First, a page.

When the dishes have piled up, the windows feature fingertip art, the floors have several days’ worth of grime, and you haven’t found time to fill the dog bowl, who can you call on to help? Your children! From sorting silverware to taking out the trash, children with special needs thrive in environments where they are given opportunities to succeed. Here are five other ways that your child with special needs benefits from chores: 1. Having a Purpose Work iscriticaltoaperson’ssenseofselfandpurpose. Itoffersgratification, self-confidence, dignity, and the knowledge of having done something important-- all qualities we want for our children. If we elect to not provide chores to a child simply because she is “special,” we inadvertently send the message that she is incompetent or helpless. This message will be delivered through plenty of other outlets, unfortunately, and can be detrimental to a person’s self-esteem as they transition into adulthood. 2. Important Life Skills Whether we like it or not, the overwhelming majority of us have to do chores on a regular basis. We sweep floors, scrub counters, sort laundry, and clean mirrors in order to promote health and safety. Like the rest of us, children with special needs often have to learn these skills to survive in the world. Barring a significant physical or cognitive challenge that prevents your child from doing so, it’s important for kids to gain some appreciation for these tasks. Helpful hint: Break chores into small chunks. For instance, feeding the dog can be: Fill the cup to the line. Pour into the bowl. Call the dog. 3. Movement and Hands-On Experience Performing chores involves children in activities that promote movement- cued development, a necessary step toward reading and writing. Activities, including vacuuming the carpets and throwing clothes into the washing machine, build gross motor skills. Pouring juice and using a screwdriver, for instance, build fine motor skills. Childhood is a time for transformative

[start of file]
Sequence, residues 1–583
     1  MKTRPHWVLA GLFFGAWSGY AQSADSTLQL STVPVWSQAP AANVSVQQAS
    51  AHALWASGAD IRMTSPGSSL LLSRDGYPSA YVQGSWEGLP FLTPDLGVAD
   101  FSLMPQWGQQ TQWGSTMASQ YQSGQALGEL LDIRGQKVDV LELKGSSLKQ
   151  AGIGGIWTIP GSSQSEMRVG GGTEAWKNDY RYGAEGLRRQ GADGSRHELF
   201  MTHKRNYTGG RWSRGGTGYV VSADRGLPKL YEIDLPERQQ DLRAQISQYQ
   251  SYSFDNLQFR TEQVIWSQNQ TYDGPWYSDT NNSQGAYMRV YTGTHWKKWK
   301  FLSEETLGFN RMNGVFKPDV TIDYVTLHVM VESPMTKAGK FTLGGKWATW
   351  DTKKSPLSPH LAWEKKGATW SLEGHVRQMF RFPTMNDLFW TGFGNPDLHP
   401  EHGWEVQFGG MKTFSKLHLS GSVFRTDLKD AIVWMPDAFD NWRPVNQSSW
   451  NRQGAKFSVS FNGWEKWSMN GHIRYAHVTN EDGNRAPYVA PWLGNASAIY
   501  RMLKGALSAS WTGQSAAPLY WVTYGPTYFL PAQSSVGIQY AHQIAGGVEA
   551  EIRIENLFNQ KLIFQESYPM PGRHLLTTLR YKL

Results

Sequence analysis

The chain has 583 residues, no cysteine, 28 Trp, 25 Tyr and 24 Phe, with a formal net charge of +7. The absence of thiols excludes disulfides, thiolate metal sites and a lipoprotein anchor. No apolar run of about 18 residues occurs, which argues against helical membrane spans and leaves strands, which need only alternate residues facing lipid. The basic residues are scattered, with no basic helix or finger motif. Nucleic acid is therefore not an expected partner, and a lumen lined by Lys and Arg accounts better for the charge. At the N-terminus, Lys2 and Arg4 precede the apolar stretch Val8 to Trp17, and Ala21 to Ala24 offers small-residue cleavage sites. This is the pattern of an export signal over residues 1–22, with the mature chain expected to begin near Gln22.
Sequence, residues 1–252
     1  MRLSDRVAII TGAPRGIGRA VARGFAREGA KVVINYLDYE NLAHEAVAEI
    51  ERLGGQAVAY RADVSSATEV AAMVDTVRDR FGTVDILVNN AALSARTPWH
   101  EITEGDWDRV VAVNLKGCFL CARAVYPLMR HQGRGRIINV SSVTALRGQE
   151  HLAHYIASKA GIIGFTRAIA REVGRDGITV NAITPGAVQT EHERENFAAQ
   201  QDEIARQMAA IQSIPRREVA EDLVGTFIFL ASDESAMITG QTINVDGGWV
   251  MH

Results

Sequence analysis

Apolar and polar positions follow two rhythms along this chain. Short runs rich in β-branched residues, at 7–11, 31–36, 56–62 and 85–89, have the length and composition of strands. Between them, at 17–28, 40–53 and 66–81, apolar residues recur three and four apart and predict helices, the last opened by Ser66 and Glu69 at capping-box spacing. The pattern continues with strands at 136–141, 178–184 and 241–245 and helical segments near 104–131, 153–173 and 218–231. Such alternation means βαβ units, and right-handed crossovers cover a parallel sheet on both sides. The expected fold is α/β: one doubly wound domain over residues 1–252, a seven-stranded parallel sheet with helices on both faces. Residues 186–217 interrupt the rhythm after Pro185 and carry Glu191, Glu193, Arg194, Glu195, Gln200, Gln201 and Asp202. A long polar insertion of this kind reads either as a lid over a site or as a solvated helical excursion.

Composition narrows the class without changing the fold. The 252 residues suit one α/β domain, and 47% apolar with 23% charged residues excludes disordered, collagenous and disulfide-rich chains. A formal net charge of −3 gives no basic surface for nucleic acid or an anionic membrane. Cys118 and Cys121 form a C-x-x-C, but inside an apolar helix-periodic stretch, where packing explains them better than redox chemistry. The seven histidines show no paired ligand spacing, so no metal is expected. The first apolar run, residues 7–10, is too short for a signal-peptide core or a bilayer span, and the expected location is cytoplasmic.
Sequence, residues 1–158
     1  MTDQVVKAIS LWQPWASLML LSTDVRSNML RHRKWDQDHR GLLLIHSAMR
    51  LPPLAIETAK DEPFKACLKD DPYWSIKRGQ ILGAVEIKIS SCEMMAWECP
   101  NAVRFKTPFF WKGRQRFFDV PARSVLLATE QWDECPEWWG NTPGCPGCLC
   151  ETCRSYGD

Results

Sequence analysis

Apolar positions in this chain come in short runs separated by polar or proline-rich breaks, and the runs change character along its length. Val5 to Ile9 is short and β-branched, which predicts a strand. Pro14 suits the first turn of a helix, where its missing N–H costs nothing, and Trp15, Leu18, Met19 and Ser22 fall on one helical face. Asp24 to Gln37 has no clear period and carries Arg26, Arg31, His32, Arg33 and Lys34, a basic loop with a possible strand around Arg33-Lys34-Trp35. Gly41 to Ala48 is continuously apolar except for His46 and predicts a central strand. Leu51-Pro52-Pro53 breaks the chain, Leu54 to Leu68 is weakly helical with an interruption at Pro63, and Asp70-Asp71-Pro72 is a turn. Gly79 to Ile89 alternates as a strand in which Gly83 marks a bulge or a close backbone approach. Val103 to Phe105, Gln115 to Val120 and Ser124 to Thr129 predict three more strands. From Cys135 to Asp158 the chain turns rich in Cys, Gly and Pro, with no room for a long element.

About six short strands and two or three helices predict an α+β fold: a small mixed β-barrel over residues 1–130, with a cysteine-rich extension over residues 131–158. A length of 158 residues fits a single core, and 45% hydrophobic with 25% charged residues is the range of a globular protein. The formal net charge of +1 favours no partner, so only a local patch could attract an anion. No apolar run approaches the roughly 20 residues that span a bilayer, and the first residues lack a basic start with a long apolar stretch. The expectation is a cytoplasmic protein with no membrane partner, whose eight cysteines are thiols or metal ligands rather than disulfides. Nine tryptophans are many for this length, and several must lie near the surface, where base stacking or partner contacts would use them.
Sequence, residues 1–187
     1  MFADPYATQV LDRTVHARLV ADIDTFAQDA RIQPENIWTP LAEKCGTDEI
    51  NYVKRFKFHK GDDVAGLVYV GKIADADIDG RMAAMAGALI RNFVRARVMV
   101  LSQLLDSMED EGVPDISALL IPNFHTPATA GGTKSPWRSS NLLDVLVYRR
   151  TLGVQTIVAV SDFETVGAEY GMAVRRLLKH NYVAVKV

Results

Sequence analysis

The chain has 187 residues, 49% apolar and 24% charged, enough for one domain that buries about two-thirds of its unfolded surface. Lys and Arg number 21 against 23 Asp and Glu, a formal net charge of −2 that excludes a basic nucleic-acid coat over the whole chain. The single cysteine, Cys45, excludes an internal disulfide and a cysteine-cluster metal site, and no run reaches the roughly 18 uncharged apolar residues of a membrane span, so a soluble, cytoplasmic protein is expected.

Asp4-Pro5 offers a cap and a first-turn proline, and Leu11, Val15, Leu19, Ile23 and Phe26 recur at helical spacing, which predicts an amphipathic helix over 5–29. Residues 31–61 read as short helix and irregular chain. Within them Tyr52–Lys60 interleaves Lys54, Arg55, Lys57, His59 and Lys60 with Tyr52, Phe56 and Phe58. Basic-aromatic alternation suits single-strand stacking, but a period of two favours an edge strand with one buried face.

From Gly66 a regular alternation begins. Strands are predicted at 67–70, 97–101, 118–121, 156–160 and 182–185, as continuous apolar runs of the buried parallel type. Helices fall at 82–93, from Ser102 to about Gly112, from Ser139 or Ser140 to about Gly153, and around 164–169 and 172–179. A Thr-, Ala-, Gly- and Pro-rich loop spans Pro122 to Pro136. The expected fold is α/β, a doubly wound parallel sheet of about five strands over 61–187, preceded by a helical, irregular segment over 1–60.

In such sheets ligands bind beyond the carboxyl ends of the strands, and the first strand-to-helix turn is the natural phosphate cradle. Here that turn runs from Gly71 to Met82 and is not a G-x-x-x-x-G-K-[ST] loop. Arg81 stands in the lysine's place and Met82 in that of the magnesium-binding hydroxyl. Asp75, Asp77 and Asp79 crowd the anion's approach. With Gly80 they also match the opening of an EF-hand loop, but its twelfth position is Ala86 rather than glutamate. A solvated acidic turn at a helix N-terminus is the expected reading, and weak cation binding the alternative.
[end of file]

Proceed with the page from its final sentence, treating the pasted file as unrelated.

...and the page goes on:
neuroplasticity, wherein learning actually shapes the brain’s functional anatomy. Performing chores, such as matching socks and setting the table, enables a better understanding of mathematical concepts as well. 4. Accountability Children better understand the consequences of their actions when having designated responsibilities. If your child realizes the result of making a mess means more work later, she may reconsider her actions. 5. Alleviate Some Stress for You Initially, teaching your child how to complete chores can feel like more work than it’s worth. In many cases, however, kids will gain the skills and knowledge to effectively manage chores themselves so that you have one less responsibility on your plate. While having a child with special needs presents challenges, completing chores is feasible for most people. If your child struggles with fine or gross motor skills, pediatric therapy can be very helpful. Pediatric physical therapy builds on your child’s strengths while helping develop life-skills, such as those needed to complete chores.

CALL US TODAY TO SCHEDULE AN APPOINTMENT! FREDERICKSBURG : (540) 841-4443 or WOODBRIDGE : (540) 841-4443

Patient Spotlight

“Have seen huge improvements in my child!” “We love coming to physical therapy and have seen huge improvements in my child.The staff is just wonderful and we always feel welcomed in the clinic.The therapists are great at getting my little one to do the exercises. When we came my little one couldn’t even crawl, now they are crawling and almost walking.The things we learn here we will use for years to come.” - Mrs. Rodgers

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TRAIL MIX HEALTHY RECIPE INGREDIENTS • 1 cup raw almonds • 3/4 cup raw cashews DIRECTIONS Chop any large ingredients if necessary to make everything about the same size. Give the dried fruit a light sprinkle of sea salt before you mix it in (it sticks better), or sprinkle the whole mix with salt if you prefer. Combine all ingredients in a bowl and enjoy! Store in an airtight container for up to 2 weeks. • 2/3 cup raw pumpkin seeds • 1/3 cup raw sunflower seeds • 2 tbsp unsweetened dried cranberries, chopped • 2 tbsp vegan dark chocolate chips • sea salt for taste